“He died surrounded by those he loved having lived a life which was full of wonderful creativity and endeavour,” his wife Lady Naipaul said in a statement.
She described him as a “giant in all that he achieved”.
Vidiadhar Surajprasad Naipaul wrote more than 30 books and won the Nobel Literature Prize in 2001.
Born in Trinidad, the son of an Indian civil servant, he studied English literature at Oxford University before basing his life in England.
But he spent much of his time travelling and became a symbol of modern rootlessness.
Awarding him the Nobel, the Swedish Academy said he was a “literary circumnavigator, only ever really at home in himself, in his inimitable voice”.
Many of his works examined the traumas of post-colonial change.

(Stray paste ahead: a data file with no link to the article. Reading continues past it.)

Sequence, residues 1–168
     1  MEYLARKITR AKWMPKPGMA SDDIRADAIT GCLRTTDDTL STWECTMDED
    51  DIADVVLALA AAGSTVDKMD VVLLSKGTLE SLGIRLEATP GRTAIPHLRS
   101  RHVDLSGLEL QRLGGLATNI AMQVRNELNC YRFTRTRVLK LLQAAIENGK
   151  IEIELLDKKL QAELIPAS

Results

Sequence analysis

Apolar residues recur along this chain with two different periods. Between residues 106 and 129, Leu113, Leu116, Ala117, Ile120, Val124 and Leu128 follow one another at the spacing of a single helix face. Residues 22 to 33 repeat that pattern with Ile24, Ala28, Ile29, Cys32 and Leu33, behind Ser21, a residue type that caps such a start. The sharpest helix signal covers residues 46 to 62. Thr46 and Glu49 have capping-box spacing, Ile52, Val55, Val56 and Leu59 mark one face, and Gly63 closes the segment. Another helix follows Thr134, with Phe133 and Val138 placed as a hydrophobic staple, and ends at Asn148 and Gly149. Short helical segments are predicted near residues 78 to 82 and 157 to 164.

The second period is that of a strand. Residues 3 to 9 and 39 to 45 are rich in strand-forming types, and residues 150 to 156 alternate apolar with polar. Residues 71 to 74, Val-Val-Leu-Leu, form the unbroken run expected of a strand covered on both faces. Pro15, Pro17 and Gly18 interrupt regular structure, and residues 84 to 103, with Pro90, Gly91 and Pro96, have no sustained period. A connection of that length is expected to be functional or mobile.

One of his major novels was the semi-autobiographical “A House for Mr Biswas”, which looked at the almost impossible task for Indian immigrants in the Caribbean of trying to integrate into society while keeping hold of their roots.
He was one of the first winners of the Booker Prize, now Britain’s leading literary award, in 1971 for “In A Free State.”
Naipaul was also outspoken throughout his career, likening former British prime minister Tony Blair to a pirate at the head of a socialist revolution.
He was also disparaging about female novelists, described post-colonial countries as “half-made societies” and argued that Islam both enslaved and attempted to wipe out other cultures.